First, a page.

This expectation ought to consume our minds and spirits and impact the way that we think and the way that we relate to other people. Jesus mirror’s this teaching when He discusses the parable of the virgins (Matthew 25:1-13). In this parable, the women didn’t forget about the bridegroom coming, but they forgot to make preparation for His arrival.
Often we live our lives like we will live forever. We try to delay death like death can be delayed forever. However, scripture teaches us that when Jesus comes, He will come like a thief in the night. Only those of us who are prepared will make the trip across time to eternity when the Lord returns.
In chapter 5 of Thessalonians, Paul addresses three traditional antithesis to illustrate his point. First, he juxtaposes light against darkness. Second, he juxtaposes being awake and being asleep. Third, sobriety and drunkenness. This is called apocalyptic dualism. Our lives are always being pulled on by opposite forces, light and darkness, being awake or being asleep, remaining vigilant and sober or pulled into drunkenness.
We need to make sure that we are alert and sober in anticipation of the Lord’s return. It is easy to stop being alert when we live in a thrilling and exciting culture. We are in a world of extreme human communication and connectivity. We are in a culture that is growing at a rate beyond what we can understand.
How can’t we be tempted by the excitement and thrill of these times? Isn’t it true that we wake up excited to see the latest political scandal or misstep every morning? Isn’t it true that we’re enamored by the fast-paced development of new technology?
But here we read Paul who says, “Don’t get too stuck on the things of this world because Jesus is coming back again.” It may sound old fashioned to talk about Christ’s return, but this is an important part of our faith. We don’t live as Christians to simply get material benefit. We live as Christians so that we can prepare ourselves for Jesus. We need to take note of our lives and determine if we are living every day as if it is the day that Christ is coming back.
Do not conform to the pattern of this world, but be transformed by the renewing of your mind. Then you will be able to test and approve what God's will is-his good, pleasing and perfect will.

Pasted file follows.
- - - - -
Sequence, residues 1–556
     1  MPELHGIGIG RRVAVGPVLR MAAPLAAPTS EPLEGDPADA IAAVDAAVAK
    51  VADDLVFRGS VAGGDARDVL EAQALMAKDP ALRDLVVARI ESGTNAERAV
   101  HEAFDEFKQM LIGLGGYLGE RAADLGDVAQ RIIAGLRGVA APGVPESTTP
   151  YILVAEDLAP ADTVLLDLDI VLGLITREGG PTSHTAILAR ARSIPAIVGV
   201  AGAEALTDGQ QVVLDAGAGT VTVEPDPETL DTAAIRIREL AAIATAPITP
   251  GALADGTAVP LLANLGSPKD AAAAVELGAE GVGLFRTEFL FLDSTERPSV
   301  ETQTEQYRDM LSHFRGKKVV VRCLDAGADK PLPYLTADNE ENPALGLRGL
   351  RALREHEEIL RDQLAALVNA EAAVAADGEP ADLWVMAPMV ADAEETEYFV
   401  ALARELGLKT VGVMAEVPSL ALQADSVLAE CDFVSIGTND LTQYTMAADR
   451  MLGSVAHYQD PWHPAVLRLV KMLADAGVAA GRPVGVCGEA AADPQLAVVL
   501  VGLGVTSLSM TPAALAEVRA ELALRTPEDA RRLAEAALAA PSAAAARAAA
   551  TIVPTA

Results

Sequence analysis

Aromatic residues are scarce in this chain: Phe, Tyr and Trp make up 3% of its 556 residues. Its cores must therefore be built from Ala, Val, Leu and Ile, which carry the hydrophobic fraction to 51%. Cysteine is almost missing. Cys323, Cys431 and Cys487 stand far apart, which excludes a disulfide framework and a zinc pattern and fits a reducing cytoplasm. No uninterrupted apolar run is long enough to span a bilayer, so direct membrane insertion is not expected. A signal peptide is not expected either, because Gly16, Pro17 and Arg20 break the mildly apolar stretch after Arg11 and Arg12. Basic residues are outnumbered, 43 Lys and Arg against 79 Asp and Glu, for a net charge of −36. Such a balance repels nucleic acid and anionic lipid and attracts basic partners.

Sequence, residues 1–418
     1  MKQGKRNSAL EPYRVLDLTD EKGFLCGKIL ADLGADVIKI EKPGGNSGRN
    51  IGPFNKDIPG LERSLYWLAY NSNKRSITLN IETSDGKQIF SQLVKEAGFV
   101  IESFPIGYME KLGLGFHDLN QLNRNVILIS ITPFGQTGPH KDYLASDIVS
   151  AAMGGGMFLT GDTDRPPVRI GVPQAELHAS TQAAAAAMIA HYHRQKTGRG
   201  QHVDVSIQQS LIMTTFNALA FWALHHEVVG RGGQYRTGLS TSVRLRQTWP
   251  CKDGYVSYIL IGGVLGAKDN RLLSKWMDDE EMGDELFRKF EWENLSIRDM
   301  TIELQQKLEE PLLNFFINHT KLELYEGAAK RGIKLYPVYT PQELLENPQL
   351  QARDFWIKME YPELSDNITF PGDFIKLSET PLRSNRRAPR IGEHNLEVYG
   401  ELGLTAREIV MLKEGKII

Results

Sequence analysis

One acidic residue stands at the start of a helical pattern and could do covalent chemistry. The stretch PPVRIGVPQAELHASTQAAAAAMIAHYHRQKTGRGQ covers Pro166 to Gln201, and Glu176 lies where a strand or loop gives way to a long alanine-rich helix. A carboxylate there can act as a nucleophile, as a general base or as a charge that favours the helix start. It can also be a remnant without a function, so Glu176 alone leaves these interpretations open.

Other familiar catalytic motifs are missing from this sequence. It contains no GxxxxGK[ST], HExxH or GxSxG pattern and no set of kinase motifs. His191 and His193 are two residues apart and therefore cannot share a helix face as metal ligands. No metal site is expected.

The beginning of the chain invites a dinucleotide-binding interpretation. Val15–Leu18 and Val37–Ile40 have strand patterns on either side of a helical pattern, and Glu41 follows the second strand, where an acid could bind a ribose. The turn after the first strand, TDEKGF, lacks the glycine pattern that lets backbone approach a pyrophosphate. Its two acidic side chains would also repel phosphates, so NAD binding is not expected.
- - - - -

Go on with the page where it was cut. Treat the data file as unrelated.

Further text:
Romans 12:2 NIV
Paul lays out in Romans 12, foundational doctrines for a passionate and victorious Christian life. To live out this life, Paul starts by teaching the Romans how to defeat their personal insecurities. If we cannot deal with and defeat our own inner insecurities, we risk compromising our Christian life.
Spiritual insecurity prevents us from accessing all the power that comes to us through our relationship with Jesus Christ. Through our relationship with Christ we have access to the kingdom of God, and we have power and spiritual gifts. We have the channel to eternal possibilities. We live in Christ’s forgiveness.
But the worst thing that could happen would be for us to be insecure about who we are in general and who we are in Christ. It will frustrate and limit our journey. It will make us look at ourselves in narrow ways, and we will miss the benefits of living with the Spirit’s enablement. We will think that the scriptures are motivating, but not realistically possible.
Insecurity is not just lacking self-confidence. When we are insecure, we are dangerous because we want others to give us security. So, we put too much pressure on others, when God is the one who has the answers. When we are insecure, we create unsafe emotional spaces for ourselves and those around us.